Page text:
The Supply Chain Might Impact Your Shopping. It Doesn’t Have to Impact Your Christmas.

It’s gonna be a weird year for Christmas shopping, that seems guaranteed. Stuff is going to be more expensive and certain things may be hard or even impossible to find. The twin villains of inflation and the supply chain are teaming up to take down some expectations about what buying Christmas presents might look like in 2021, but that doesn’t have to mean anything bad for your actual Christmas celebration. In fact, it could be good.

So, first off, what exactly is going on with the economy? In short: a lot. Inflation is rising fast, and while different economists have different ideas about how big of a deal that actually is, there’s no question that it’s not great for consumers — you know, the people who actually buy stuff. Food costs more. Gas costs more. Most Christmas presents cost more. Your holiday budget will probably need some editing from last year. That’s annoying and, possibly, cost prohibitive with regards to the kind of Christmas you’d hoped to have.

And then there’s the supply chain, which calls into question just how available stuff you want is going to be this year. Suffice to say, the sooner you get started on holiday shopping, the better, because there’s a good chance that in-demand items will be a little bit harder to get your hands on in some parts of the country this year.

Fortunately, the job market has been ticking back up and given the amount of federal assistance most Americans received over the last two years, it does seem like Americans still plan on shopping — maybe just a little bit grudgingly. While the University of Michigan’s consumer sentiment index says people consumers are feeling the worst they have in ten years, but surveys suggest they still plan on spending at about the same rate they have in recent years.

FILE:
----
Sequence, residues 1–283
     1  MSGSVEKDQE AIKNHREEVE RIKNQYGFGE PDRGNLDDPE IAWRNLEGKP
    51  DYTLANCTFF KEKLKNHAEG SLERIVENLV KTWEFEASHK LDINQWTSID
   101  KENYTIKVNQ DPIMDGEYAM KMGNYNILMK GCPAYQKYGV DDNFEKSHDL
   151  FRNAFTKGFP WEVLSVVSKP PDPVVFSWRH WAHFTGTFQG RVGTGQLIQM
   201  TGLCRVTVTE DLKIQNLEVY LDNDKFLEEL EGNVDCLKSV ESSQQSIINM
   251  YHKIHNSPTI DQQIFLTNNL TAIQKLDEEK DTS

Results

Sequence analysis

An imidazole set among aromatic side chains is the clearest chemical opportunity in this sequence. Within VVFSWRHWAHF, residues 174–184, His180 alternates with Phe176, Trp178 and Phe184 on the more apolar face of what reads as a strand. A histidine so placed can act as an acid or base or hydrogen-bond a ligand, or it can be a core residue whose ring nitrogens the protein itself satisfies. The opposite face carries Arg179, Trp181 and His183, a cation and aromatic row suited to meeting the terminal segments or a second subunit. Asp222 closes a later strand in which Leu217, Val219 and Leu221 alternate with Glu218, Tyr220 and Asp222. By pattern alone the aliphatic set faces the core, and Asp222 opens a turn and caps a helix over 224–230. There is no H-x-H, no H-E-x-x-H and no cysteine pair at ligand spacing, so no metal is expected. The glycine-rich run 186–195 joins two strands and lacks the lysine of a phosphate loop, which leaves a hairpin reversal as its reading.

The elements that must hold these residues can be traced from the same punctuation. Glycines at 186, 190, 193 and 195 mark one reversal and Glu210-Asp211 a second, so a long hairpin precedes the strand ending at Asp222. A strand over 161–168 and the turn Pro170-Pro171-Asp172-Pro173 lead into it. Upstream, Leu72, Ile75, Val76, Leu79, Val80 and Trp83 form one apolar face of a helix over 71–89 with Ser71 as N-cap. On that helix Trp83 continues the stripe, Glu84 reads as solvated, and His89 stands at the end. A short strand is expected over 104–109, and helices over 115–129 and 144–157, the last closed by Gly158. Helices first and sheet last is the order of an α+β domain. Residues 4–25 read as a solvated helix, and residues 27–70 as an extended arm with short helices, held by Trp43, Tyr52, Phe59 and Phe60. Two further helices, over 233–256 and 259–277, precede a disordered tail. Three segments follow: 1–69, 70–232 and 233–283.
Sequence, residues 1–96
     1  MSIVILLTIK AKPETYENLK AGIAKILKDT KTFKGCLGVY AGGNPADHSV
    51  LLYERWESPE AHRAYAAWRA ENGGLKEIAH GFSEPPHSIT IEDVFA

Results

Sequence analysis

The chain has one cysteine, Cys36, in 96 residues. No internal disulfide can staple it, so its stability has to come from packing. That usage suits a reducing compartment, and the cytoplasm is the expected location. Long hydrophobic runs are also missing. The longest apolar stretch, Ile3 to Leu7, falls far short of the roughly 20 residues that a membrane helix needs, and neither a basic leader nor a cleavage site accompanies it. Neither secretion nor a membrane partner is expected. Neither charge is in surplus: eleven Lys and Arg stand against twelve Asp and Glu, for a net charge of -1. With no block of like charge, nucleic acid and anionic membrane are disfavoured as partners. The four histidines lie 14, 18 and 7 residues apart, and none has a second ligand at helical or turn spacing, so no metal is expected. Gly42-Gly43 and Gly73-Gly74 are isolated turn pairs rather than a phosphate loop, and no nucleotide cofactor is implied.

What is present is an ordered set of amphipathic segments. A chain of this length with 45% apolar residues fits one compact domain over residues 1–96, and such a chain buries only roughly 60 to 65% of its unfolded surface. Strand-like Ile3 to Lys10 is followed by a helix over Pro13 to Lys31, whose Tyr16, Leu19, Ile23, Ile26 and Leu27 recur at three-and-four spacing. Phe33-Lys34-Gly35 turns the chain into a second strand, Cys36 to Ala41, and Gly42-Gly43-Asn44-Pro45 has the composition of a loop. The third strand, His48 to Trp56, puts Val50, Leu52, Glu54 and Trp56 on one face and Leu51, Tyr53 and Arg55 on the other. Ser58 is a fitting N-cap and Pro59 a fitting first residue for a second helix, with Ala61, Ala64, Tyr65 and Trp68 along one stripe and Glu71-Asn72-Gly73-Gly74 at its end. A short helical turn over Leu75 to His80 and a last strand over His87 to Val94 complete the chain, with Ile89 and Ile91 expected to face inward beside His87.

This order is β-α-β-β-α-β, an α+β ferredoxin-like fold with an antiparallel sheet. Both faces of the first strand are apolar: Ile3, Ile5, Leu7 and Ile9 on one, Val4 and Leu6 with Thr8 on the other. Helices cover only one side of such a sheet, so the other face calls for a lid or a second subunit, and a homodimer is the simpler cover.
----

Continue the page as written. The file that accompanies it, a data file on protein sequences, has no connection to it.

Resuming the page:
So, all that’s to try and put things in a little bit of perspective. The supply chain issue is real, as is growing inflation. Neither of those are ideal for holiday shopping, nor are they cause for panic. And they’re definitely no reason to turn into a Scrooge about this Christmas.

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Speaking of Scrooge, his story is worth mentioning here. In 1843, Charles Dickens published A Christmas Carol, which immortalized into English literature the notion that feeling celebratory and festive about this time of year has more to do with your heart than your bank account. 178 years later, we still struggle to internalize this truth: that whether our finances are lean or plentiful, Christmas is about cherishing the gift we’ve already been given.

If things are a little more expensive this year, then maybe that’s a good opportunity to refocus our Christmas energy on the deeper meaning of the season. It might even spur us to be a little more generous, since a mild gift-buying inconvenience for us might mean an empty pantry for someone else. In any case, let’s not hinge the entire holiday season on stock markets, supply chain and inflation rates. Dickens would be tearing his hair out at the thought.

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